Everyone is entitled to their opinion, and critics in particular are entitled to their own world views, but in today’s Sunday Book review, Adam Kirsch, weighing in on the role of Twitter in criticism, seems to be working under his own set of facts when it comes to discussing the medium. He writes:
At first glance, it seems that critics, in particular, should relish a tool like Twitter. Criticism is a kind of argument, and Twitter is excellent for arguing back and forth in public. Criticism is also a kind of reportage, and Twitter is an ideal way of breaking news. With many major events, from presidential debates to the Oscars, it is more informative and entertaining to follow them in real time on Twitter than it is to actually watch them. For all these reasons, journalists have been especially avid users of Twitter.
Critics, however, have been surprisingly reluctant to embrace the tweet. Many of the most prominent are not on Twitter at all. Those who are tend to use their feeds for updates on their daily lives, or to share links, or at most to recommend articles or books — that is, they use Twitter in the way everyone else does. What is hard to find on Twitter is any real practice of criticism, anything that resembles the sort of discourse that takes place in an essay or a review.
I’m not sure how Kirsch is defining “the most prominent.” Does the New York Review of Books’ Daniel Mendelsohn, who tweets W.G. Sebald and Cavafy, along with Game of Thrones, not count? What about Vanity Fair’s James Wolcott? The New Yorker’s Richard Brody, Adam Gopnik, Sasha Frere-Jones, and my frequent interlocutor, Emily Nussbaum? Perhaps you’ve got to be James Wood or Lorin Stein to make the cut, but Kirsch’s formulation seems to slight an awfully large number of accomplished critics who hold significant positions at major publications, and who exert a considerable influence on cultural conversations both high and low.
Debates about who counts as “prominent,” have to do with gender, something that Anna Holmes brings up in her vigorous response to Kirsch (which, disclosure, contains kinds words about yours truly), and also with the relative statuses of different kind of media — maybe Kirsch is only speaking about book critics, but even then, he’s ignoring any number of Twitter participants. But there’s also a conversation to be had about what counts as “criticism.” Kirsch defines it as “the sort of discourse that takes place in an essay or a review.” I’d never argue that Twitter is a format that’s conducive to being read in the same way as an essay that’s laid out in a print publication. It’s absolutely not, and that’s why we have tools like Storify that allow us to reformat conversations so they can be read as more conventional prose.
But that doesn’t mean that Twitter isn’t discursive — in fact, it’s a much more dynamic conversation than the one that happens in a published essay or review. When a critic files one of those pieces, they’re absolutely in conversation with both the work and our larger debates. Perhaps, in the text, they’re even in conversation with other critics, and with the audiences for the works they’re discussing. But by design — and many times this is all to the good — an essay or review is a closed statement, one that requires interlocutors to read all the way through before they mount their own responses. Twitter, by contrast, produces a faster, more protean conversation. A critic, like Nussbaum, for example, who uses the service to pose a question or to float an idea in development, may get many responses to a single utterance that may radically reshape that idea, allowing her to refine it and to move on to the next stage in an argument or a new phase of developing her thinking. I often take conversations from Twitter and reshape them into pieces, either by using Storify, or by quoting Tweets in a post or an essay, and I know I’m not alone in this practice.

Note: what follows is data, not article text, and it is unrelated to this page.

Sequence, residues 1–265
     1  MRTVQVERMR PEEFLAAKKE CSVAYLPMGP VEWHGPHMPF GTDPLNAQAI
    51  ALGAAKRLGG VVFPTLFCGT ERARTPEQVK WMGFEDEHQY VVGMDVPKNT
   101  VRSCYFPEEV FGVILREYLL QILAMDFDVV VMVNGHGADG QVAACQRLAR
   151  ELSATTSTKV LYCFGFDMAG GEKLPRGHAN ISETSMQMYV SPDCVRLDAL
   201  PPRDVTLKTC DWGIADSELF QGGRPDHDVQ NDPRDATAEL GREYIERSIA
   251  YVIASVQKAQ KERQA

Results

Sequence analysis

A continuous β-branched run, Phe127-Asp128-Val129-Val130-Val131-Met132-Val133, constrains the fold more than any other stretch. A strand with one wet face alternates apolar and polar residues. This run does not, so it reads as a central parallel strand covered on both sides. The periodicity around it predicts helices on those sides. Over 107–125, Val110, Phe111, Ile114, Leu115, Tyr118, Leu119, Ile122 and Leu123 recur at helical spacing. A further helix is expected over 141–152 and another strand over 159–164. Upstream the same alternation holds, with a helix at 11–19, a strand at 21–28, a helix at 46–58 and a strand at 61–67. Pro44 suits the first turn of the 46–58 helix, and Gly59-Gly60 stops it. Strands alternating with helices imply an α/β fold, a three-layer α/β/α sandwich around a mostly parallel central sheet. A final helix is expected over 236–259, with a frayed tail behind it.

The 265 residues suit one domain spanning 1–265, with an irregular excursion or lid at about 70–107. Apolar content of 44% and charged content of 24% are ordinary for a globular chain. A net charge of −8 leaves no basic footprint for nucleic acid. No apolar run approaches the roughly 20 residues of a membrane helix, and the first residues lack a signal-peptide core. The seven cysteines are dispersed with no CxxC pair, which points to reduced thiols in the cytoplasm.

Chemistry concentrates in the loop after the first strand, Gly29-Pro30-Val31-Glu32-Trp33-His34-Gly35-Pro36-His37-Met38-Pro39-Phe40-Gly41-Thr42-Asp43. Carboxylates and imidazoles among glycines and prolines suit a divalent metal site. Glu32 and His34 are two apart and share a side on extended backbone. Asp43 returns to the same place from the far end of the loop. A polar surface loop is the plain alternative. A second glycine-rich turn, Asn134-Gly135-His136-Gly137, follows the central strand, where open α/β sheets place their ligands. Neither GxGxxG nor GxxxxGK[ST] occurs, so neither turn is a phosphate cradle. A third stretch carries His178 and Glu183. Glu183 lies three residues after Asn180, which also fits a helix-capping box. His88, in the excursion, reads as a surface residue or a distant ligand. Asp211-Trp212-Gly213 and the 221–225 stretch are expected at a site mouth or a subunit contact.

There’s nothing wrong with preferring to read a polished essay or a review that’s been a long time in gestating, but it’s not as if there’s a choice between enjoying someone’s Tweets and loving their prose in another format. As a critic, and as someone who reads many, many other critics, I believe my experience has been enhanced by the opportunity to see critics work through and refine their ideas, to see my colleagues take notes and comment on a medium in real time when that’s possible and warranted. “Good” or “bad,” “yes” or “no,” “go” or “stay home” take up only a few characters. The 140 that characters that Twitter offers are plenty of space to ask a question, make an observation, or pose a premise. If Kirsh doesn’t think that counts as “the experience of a mind engaged with a text,” I’m not entirely sure what qualifies.
There are many kinds of criticism that are practiced by critics in many positions that produce many kinds of insights. Kirsch may have decided that Twitter isn’t a place where he can find those insights. I, and many others, would be happy to offer some suggestions, if he’s interested. And if he’s not, it’s fine. I’ve got a debate about the functions of episode-by-episode or chapter-by-chapter reviews of television and books, happening right now in my Twitter stream, to attend to.